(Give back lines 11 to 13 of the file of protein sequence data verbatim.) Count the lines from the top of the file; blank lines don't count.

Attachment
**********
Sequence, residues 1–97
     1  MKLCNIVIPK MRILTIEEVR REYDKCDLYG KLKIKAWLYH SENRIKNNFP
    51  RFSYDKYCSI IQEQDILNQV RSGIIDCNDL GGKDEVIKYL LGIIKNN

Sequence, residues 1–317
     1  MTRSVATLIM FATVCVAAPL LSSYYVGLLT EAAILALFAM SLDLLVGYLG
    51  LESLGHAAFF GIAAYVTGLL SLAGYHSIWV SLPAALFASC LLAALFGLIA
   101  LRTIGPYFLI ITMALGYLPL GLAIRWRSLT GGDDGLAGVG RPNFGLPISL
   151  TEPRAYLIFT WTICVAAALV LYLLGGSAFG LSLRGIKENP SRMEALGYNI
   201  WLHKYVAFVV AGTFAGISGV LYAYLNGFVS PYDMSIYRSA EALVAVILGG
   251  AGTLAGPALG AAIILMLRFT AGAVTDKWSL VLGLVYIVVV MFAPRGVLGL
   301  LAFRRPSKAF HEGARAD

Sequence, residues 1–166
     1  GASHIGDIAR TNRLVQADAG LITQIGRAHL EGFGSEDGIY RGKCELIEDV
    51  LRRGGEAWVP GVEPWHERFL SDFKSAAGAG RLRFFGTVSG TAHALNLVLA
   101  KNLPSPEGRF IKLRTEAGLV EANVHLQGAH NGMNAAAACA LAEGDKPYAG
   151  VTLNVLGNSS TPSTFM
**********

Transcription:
   301  LAFRRPSKAF HEGARAD

Sequence, residues 1–166
     1  GASHIGDIAR TNRLVQADAG LITQIGRAHL EGFGSEDGIY RGKCELIEDV